Bruno Mars is known for having his music touch people from all over the world, but that hasn’t pulled him away from his roots.
In an interview with Latina Magazine, the singer opened up about the origin of his innovative sound. One thing that stood out is his declaration that American music is ‘Black music’ because everything started in Africa.
Mars told the mag, “When you say ‘black music,’ understand that you are talking about rock, jazz, R&B, reggae, funk, doo-wop, hip-hop, and Motown. Black people created it all. Being Puerto Rican, even salsa music stems back to the Motherland [Africa]. So, in my world, black music means everything. It’s what gives America its swag.”
He continued, “I’m a child raised in the ‘90s. Pop music was heavily rooted in R&B from Whitney, Diddy, Dr. Dre, Boyz II Men, Aaliyah, TLC, Babyface, New Edition, Michael, and so much more. As kids this is what was playing on MTV and the radio. This is what we were dancing to at school functions and BBQs. I wouldn’t be here if it wasn’t for these artists who inspired me. They have brought me so much joy and created the soundtrack to my life filled with memories that I’ll never forget.”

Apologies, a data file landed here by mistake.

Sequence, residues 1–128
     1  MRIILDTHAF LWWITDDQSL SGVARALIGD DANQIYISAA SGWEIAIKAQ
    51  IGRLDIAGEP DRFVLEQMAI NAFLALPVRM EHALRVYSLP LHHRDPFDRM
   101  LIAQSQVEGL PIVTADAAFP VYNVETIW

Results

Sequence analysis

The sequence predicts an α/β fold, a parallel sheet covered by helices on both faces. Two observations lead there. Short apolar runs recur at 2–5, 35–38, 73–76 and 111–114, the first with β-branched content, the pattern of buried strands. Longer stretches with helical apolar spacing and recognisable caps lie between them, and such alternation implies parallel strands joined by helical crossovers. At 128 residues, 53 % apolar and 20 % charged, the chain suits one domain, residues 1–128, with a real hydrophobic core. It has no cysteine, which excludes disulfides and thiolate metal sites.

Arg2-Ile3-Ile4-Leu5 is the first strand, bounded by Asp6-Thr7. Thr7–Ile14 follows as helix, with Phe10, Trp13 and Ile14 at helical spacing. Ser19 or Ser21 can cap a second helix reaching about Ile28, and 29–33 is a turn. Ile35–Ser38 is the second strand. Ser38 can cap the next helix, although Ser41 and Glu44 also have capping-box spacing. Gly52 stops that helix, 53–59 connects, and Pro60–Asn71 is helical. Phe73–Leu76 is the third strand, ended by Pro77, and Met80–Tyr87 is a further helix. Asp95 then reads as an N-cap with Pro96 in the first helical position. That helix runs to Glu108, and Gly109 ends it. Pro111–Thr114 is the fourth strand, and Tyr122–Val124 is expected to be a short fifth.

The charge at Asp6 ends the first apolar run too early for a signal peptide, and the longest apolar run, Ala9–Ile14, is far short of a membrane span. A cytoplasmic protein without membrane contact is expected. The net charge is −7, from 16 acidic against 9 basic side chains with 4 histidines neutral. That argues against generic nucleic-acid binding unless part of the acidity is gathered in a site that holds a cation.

As for the rumors that he changed his last name to hide the fact that he’s Puerto Rican, Bruno had this to say to the haters, “I never once said I changed my last name to hide the fact that I’m Puerto Rican. Why would I fu**ing say that? Who are you fooling? And why would anyone say that? That’s so insulting to me, to my family. That’s ridiculous. My last name is Hernandez. My father’s name is Pedrito Hernandez, and he’s a Puerto Rican pimp. There’s no denying that. My dad nicknamed me Bruno since I was 2 years old. ”
He added, “The real story is: I was going to go by ‘Bruno,’ one name. Mars just kind of came joking around because that sounds bigger than life. That was it, simple as that. I see people that don’t know what I am, and it’s so weird that it gets them upset.”
Check out what else Bruno Mars had to say in his interview with Latina.
Here’s What Bruno Mars Thinks About Black People & American Music was originally published on globalgrind.com
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